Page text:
Not Going the Extra Mile

I read this story Sunday about the State of Oregon developing a plan to tax the mileage that drivers drive rather than taxing gas.  Why?  Because cars are becoming more fuel efficient, and the state still needs the dollars.  The rate they are discussing e would equate to $1 per 400 miles, (a buck a tank for me) not an onerous amount.  However, a lot of things about this concept bother me, I have a blog, so I thought I'd express my opinion. It feels like punishment for living in the country - Most of my life, I've lived in rural areas.  Driving 20 minutes to church has been the norm for me.  When I say driving 20 minutes to church I don't mean 6 miles away but I catch 25 lights, I mean 15-20 miles away.  So this idea of taxing mileage feels like a tax predominantly against rural places.   A gas tax is much more evenhanded, because cars burn gas while idling.  Many of the most rural places are also the poorest places in this country.  Folks in the Appalachians can least afford this tax which will hit them the hardest.

You can't tax my school bus - Are government vehicles and state officials going to be exempt from this tax?  Currently, a police car and a school bus is subject to gasoline taxes, at least at the federal level.  For some reason though, I don't forsee my senator's car or the garbage truck being fitted with one of these GPS systems.

I'm not a conspiracy theory nut, however - Something about putting a government-owned lo-jack system in my car gives me the willies.  It feels very big brothery.  I assume that I only have the illusion of privacy now.  If the government really wanted to find me, they could, I'm sure, but it just makes me uncomfortable putting a device in my car for the explicit purpose of tracking my whereabouts.  Besides, It's none of the state's business where I go.  (I probably just set a record for made-up words in this paragraph)

Smoking is bad for you, but please don't everybody quit - The hypocrisy of every politician screaming "green, green" and being addicted to the money the gas tax generates is similar to taxing cigarettes through the roof in order to "get kids to stop smoking" and using the tax money to fund education.  If all the kids stopped smoking, there would be a major revenue source for schools missing.  This is the same thing.  Politicians universally say, we need more fuel efficient cars, and alternative fuel sources, but won't know how to survive without the taxes.

I understand that the state has the responsibility of upkeep on roads.  And I believe that we do need to develop alternative fuel sources and more fuel efficient cars, but I am uncomfortable with this system of generating the income.  I know that New Yorkers pay almost nothting in gas tax now because they walk where they go, but this system seems inherently unfair.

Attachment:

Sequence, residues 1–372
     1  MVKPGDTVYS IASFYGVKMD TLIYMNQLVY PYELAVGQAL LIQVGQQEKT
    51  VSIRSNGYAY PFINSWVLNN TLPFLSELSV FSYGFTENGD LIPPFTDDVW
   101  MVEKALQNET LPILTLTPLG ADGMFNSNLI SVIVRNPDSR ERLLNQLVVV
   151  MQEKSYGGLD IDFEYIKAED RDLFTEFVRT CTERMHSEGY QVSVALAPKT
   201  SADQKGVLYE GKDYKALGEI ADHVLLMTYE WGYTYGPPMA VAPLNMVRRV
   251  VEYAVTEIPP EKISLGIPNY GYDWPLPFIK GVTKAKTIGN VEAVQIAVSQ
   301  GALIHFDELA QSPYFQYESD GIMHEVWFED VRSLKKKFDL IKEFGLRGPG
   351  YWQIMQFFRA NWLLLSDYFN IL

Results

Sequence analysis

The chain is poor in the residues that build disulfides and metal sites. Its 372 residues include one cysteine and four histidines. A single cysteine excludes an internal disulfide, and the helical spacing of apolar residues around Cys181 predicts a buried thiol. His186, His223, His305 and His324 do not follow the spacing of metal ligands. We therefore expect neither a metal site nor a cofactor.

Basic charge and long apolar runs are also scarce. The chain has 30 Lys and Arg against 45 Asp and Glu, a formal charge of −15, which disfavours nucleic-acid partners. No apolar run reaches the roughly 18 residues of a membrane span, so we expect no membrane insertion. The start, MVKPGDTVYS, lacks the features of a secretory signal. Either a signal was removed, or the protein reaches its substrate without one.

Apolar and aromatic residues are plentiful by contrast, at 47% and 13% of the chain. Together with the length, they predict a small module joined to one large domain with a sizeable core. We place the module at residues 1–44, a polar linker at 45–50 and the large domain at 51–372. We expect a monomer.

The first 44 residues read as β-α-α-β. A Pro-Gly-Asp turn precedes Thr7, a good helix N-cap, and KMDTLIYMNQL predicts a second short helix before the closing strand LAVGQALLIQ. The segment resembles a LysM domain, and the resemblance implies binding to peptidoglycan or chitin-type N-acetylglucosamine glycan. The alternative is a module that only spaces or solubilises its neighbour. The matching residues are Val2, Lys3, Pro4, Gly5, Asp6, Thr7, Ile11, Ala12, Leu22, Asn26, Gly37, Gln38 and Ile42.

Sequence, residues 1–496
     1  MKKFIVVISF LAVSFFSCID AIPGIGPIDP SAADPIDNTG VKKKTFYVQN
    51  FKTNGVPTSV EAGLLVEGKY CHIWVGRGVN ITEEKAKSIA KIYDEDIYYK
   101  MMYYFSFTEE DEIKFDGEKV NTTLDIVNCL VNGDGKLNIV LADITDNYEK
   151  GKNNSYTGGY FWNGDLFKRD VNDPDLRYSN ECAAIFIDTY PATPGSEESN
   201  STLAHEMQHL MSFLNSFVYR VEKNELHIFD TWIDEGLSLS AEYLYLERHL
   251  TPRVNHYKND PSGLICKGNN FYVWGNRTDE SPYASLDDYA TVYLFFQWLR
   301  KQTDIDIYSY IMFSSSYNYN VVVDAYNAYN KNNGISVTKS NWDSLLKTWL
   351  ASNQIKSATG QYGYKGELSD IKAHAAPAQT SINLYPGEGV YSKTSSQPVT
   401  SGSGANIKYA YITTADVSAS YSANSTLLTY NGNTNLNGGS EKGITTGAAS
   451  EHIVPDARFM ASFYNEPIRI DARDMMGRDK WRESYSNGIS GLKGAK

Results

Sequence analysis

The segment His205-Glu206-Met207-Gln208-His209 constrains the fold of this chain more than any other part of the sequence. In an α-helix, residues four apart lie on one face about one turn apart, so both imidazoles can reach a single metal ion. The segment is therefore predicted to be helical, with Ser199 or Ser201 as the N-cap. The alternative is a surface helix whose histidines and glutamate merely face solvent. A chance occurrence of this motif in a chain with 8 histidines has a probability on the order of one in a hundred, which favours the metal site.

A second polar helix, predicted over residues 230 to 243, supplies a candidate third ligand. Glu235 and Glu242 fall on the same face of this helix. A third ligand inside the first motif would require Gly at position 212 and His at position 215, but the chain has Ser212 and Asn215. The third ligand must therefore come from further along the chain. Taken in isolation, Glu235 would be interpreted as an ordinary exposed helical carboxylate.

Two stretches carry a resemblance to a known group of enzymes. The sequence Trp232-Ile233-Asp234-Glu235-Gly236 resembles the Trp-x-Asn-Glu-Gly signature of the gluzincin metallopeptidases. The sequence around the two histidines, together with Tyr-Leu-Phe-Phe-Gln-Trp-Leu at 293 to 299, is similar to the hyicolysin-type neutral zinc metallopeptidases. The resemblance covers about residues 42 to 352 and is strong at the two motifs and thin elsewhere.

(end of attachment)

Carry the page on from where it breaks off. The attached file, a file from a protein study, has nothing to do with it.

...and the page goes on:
I have no answers, just wanted to weigh in with my opinion.  As always, feel free to chime in in the comments and tell me why I'm stupid or uninformed.

Legislating Morality pt.1

This post is in response to a question, although it is not a direct answer to that question, the question is what got my mind working on this answer.

Here's the question:  Is it, a violation of separation of church - state to invoke biblical morals or biblical definitions of marriage or sin into law?

I often hear people say you cannot legislate morality. In fact, I believe all legislation is legislating morality. Let’s chose 3 random laws and see that they all convey some moral imperative.

  • Speed Limit – this law implies that as a society we value the worth of human life. Therefore there are restrictions on how you can drive so as not to endanger yourself and others with what is undoubtedly an extremely dangerous piece of machinery.
  • Voting age – this law implies that we as a society value the democratic process deeply. And we desire to have well-informed voters making decisions for our country. It is safe to assume that school-aged children are not well informed and would not make good voters.
  • Pay Taxes – this law makes it clear that we believe that many things must be done for the good of our entire society. The only way to pay for these things is for everyone to chip in. People won’t contribute without being forced so we make it a law.

Here are 3 laws seemingly unrelated to morality that have a moral principle attached to them. That human life is important, that freedom [therefore democracy] is important, and sacrifice for the common good is important.

If all legislation is tied to morality, then we have a duty to legislate morality.

If we believe it is morally wrong to do activity X, then we are wrong not to make activity X illegal. So let’s pick an obvious example; murder. Everyone I have ever known believes that murder is morally wrong. This is a non-gray area, and consequently, murder is illegal. Here’s another example; lying. Most people believe that lying is wrong under most circumstances. Consequently, we have laws against lying in important circumstances, such as, for example, in a court of law.

But what about areas where there is genuine debate in our society about what is moral and not? Then it seems that there must be some compelling reason to change the laws as they are currently established. For those people who, for example, believe that it is morally allowable to smoke marijuana, they would need to show some reason why the state would be better off by allowing it and changing a long-standing law. That is almost always a hard way to go.

Here is the final thought for this post - SOMEBODY'S morality is going to be reflected in every law.

(I have divided this post in two parts because it was entirely too long.  Please come back tomorrow and read about who decides morality.)